T Nation

Warm Drinks Increase Insulin Response

A study carried out in Japan showed that in rats, the physiological responses to the ingestion of a glucose solution varied dramatically depending on the temperature of the solution. The study measured blood sugar, blood insulin and brown adipose tissue activity following the ingestion of a 1M glucose solution at either 4 degrees Celsius or 25 degrees Celsius (Fridge temperature and room temperature respectively).

The key results were as follows: Both groups exhibited similar blood sugar responses. However, the ‘warm’ group showed a rise in insulin 3 minutes after ingestion whereas the ‘cold’ group showed a corresponding rise after 15 minutes. Perhaps more importantly, the ‘warm’ group showed an increase in brown adipose tissue activity whereas the ‘cold’ group did not, which implies that the thermic effect of ingesting sugars is absent if the solution is cold.

Bottom line: warm drinks raise insulin faster than cold drinks. Ingesting sugars warm raises the metabolic rate, whereas ingesting them cold does not.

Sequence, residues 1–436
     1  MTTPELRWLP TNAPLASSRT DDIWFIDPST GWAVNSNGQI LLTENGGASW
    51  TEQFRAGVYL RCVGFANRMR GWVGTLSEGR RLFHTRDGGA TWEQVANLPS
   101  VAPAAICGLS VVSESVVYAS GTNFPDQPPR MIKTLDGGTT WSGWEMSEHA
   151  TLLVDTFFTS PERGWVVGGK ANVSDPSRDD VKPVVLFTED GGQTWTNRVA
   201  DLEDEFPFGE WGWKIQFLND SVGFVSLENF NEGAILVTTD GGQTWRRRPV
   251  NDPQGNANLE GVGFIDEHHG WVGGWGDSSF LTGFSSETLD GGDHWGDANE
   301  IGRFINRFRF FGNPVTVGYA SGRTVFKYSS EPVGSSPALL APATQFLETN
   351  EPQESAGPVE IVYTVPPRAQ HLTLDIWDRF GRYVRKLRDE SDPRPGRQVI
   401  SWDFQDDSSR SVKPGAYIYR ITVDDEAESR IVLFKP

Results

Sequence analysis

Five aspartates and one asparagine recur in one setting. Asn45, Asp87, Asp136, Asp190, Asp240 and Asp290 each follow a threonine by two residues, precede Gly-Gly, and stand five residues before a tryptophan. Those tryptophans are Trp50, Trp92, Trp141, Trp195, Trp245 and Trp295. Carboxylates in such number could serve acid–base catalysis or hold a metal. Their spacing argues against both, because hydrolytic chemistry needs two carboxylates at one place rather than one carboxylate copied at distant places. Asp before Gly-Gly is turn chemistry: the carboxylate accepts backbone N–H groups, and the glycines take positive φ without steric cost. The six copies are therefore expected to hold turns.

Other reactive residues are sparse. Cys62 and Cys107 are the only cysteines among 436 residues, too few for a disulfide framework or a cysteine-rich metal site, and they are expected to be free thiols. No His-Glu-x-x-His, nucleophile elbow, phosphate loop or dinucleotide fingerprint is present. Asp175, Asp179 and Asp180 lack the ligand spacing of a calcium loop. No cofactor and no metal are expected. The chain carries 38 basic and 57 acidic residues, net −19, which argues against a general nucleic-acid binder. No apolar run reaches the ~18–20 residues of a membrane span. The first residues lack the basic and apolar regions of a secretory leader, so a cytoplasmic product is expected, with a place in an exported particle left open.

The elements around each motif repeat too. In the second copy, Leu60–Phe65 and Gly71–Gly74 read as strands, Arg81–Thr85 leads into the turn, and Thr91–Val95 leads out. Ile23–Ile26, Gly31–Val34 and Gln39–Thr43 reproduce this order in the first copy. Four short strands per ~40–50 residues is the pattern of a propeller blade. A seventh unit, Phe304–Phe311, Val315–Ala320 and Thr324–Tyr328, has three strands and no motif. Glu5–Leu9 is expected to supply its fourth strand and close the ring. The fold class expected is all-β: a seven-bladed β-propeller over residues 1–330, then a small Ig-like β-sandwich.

Link to the article on PubMed: http://www.ncbi.nlm.nih.gov/pubmed/18262576

Interesting. Isn’t brown fat fairly irrelevant in humans though?


Apparently, the quantity and activity levels of brown fat in adult humans had previously been underestimated. The stuff is there, and it is active. But aside from that, the adipose tissue activity in rats is used as an indicator of several related metabolic processes which are used to dissipate excess energy as heat.

Although the brown fat activity in humans is not analogous with that in rats, the overall metabolic response is believed to be analogous. Hopefully someone will do some human studies on this, which will give a better indication. Meanwhile, it appears likely that the human body will improperly process sugars if they are delivered cold, so it’s probably best to avoid refrigerated sugary stuff, and to warm up workout drinks during the winter, if possible.

Damn, my preworkout shakes taste so much better cold too. Oh well. Anything that helps.